New Publication: Oral Literary Performance in Africa: Beyond Text

Co-edited by Nduka Otiono and Chiji Akọma

Book Description

This book delivers an admirably comprehensive and rigorous analysis of African oral literatures and performance.

Gathering insights from distinguished scholars in the field, the book provides a range of contemporary interdisciplinary perspectives in the study of oral literature and its transformations in everyday life, fiction, poetry, popular culture, and postcolonial politics. Topics discussed include folklore and folklife; oral performance and masculinities; intermediated orality, modern transformations, and globalisation; orality and mass media; spoken word and imaginative writing. The book also addresses research methodologies and the thematic and theoretical trajectories of scholars of African oral literatures, looking back to the trailblazing legacies of Ruth Finnegan, Harold Scheub, and Isidore Okpewho.

Ambitious in scope and incisive in its analysis, this book will be of interest to students and scholars of African literatures and oral performance as well as to general readers interested in the dynamics of cultural production.

Table of Contents

Introduction: A Heritage of African Oral Literary Performance Studies

Nduka Otiono and Chiji Akọma

Part I: Recapturing Tradition: The Oral Performance in Transition

  1. Elfrieda Binga’s “Berseba”: Constructing History and Identity in a Rural Namibian Village–Hein Willemse
  2. “The Crocodile’s Wife”: Content and Communication Strategy in A Tale of Transformations–Ernst R. Wendland
  3. ‘The aged, the infirm and the effeminate’: Rhetorical Strategies in Election Rally Songs from Nigeria and Lesotho–Chris Dunton
  4. Orality, Masculinities and Narrative Strategies in The Arabian NightsNduka Otiono
  5. Translation of African Oral Narrative-performances to the Written Word–Harold Scheub
  6. Asiyefunzwa na Wazazi na Mzuka Swahili Supernatural Homiletics in an Age of Promiscuity–Aaron Rosenberg
  7. History, Mofolo’s Chaka, and the Postcolonial “Bastard”–Obiwu
  8. Globalisation of Sango: Wole Soyinka’s Adaptation of Oedipus at ColonusFemi Euba
  9. African Verbal Arts Online: Intermediality and “Technauriture”–Daniela Merolla
  10. Writer-Reader Interaction in Newspaper Serial Writing in Tanzania: The Transformation of an Oral Storytelling Mode–Uta Reuster-Jahn
  11. The Manipulation of Verbal Folklore Genres in Mass Media Communication–Rosaleen O. B. Nhlekisana
  12. Go Fetisa Lekoalo/Beyond Literature: Orality, Poetry and Music in Post-apartheid Spoken Word Poetry–Raphael d’Abdon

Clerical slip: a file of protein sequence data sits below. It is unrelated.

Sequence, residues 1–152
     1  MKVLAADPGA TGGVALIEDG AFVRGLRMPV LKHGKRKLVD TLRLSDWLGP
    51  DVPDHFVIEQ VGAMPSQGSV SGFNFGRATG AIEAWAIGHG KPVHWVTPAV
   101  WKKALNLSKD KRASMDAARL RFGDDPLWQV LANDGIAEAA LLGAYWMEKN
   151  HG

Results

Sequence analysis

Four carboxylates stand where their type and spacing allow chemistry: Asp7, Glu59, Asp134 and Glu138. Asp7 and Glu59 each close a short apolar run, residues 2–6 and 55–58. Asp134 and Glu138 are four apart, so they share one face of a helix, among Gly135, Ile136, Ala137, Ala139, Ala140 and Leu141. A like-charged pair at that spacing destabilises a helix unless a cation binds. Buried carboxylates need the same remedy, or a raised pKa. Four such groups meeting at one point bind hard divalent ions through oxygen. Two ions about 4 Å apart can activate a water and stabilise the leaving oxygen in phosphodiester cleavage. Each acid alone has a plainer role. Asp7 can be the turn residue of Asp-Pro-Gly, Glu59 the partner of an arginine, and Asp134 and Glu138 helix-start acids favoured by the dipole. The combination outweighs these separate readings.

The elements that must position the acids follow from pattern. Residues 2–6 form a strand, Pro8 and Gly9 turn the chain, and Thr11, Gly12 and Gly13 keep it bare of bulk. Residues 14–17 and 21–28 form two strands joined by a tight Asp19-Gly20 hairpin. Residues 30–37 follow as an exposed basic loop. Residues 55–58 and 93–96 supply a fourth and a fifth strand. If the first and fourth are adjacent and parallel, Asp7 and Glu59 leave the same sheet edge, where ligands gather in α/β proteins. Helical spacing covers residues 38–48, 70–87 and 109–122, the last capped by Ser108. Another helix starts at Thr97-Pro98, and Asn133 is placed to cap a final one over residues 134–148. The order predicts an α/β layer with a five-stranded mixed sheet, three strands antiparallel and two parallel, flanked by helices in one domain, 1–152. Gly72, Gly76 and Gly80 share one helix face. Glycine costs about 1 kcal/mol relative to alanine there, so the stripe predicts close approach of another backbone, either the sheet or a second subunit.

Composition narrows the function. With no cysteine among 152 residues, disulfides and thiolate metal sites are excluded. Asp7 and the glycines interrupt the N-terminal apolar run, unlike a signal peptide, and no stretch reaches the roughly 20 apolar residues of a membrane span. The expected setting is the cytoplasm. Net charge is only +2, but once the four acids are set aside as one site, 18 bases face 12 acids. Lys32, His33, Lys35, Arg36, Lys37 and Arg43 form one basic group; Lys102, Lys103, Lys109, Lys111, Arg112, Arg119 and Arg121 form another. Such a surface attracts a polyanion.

13. Isidore Okpewho – An Intellectual Portrait–F. Abiola Irele
  14. In Praise of Counter-Hegemony: Isidore Okpewho and the Alternative Discourse in African (Oral) Literature–James Tar Tsaaior
  15. Isidore Okpewho: Scholarship, Imaginative Writing, and the Assertion of the African Sensibility–J.O.J. Nwachukwu-Agbada
  16. Choosing Two Sides Equally: An Interview with Isidore Okpewho–Chiji Akọma


TIME FOR THE WORLD TO LEARN FROM AFRICA (Hearing Others’ Voices) Ruth Finnegan

It is a common notion that Africa has, and indeed ought to have, learned much from the west. This is not wrong; all cultures rightly learn from each other. But less is said of what there is to learn from Africa: from her stories, myths, music, proverbs, insights – and more. Here an acclaimed African scholar steps into the gap by uncovering for us something of the great legacy of African thought and practice in ways that will astonish many. Written with verve and authority and directed above all to students and sixth formers, this book will also delight and often surprise those who know something of Africa as well as those hitherto ignorant.

Storytelling in Northern Zambia: Theory, Method, Practice and Other Necessary Fictions Robert Cancel

Storytelling plays an important part in the vibrant cultural life of Zambia and in many other communities across Africa. 

innovative book provides a collection and analysis of oral narrative traditions as practiced by five Bemba-speaking ethnic groups in Zambia. The integration of newly digitalised audio and video recordings into the text enables the reader to encounter the storytellers themselves and hear their narratives.

Robert Cancel’s thorough critical interpretation, combined with these newly digitalised audio and video materials, makes Storytelling in Northern Zambia a much needed addition to the slender corpus of African folklore studies that deal with storytelling performance. Cancel threads his way between the complex demands of African fieldwork studies, folklore theory, narrative modes, reflexive description and simple documentation and succeeds in bringing to the reader a set of performers and their performances that are vivid, varied and instructive. He illustrates this living narrative tradition with a wide range of examples, and highlights the social status of narrators and the complex local identities that are at play. Cancel’s study tells us not only about storytelling but sheds light on the study of oral literatures throughout Africa and beyond. Its innovative format, meanwhile, explores new directions in the integration of primary source material into scholarly texts. This book is the third volume in the World Oral Literature Series, developed in conjunction with the World Oral Literature Project.